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This Is a Collapsed Pit on Mars, Not a Pimple

19 Apr 2021, 18:23 UTC
This Is a Collapsed Pit on Mars, Not a Pimple
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Mars has been in the news a lot lately, and for good reason. With the historic landing of the Perseverance Rover earlier in the year, and the successful flight of Ingenuity, the first-ever aircraft to fly in another atmosphere, earlier this morning (April 19, 2021), there’s no shortage of exciting stories of technical brilliance from the human-built wonders exploring the red planet. High above the plucky helicopter, the Mars Reconnaissance Orbiter (MRO) surveys the Martian landscape on a grand scale. A brain-bending image released by High Resolution Imaging Science Experiment (HiRISE), a powerful camera aboard MRO, shows a sunken pit in the planet’s polar region. From the high-altitude perspective of the orbiter, it’s easy for the mind to warp the concave depression into a convex, acne-esque Martian polar zit!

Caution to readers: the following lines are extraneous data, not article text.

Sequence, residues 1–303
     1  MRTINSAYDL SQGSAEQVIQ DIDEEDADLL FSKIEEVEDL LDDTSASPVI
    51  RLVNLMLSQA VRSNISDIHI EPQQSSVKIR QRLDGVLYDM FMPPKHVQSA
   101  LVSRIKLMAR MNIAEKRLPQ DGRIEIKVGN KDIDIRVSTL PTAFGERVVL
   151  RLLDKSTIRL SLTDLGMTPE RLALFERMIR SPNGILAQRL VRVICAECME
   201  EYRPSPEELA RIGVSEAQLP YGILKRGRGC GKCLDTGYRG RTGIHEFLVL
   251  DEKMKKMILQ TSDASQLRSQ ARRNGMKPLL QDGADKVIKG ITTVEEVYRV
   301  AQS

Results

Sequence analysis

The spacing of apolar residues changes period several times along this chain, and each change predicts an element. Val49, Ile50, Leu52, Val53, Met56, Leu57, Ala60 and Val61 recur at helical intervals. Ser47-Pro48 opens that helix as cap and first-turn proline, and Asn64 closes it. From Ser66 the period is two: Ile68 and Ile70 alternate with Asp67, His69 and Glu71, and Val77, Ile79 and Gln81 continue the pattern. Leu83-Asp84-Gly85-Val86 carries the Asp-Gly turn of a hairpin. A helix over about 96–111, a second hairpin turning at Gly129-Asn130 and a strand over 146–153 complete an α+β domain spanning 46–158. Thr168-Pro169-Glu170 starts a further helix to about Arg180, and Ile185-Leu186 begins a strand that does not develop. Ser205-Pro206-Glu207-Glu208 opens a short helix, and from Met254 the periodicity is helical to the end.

The HiRISE team knows the latitude, longitude, and altitude of MRO for all of their imagery. They see the sun’s angle for the target area, in this case, a low 8° above the horizon. This means that they can use the location of the shadows in the image to determine that the circular pattern in the layered deposits of minerals and ices (likely both water ice AND frozen carbon dioxide) is ...

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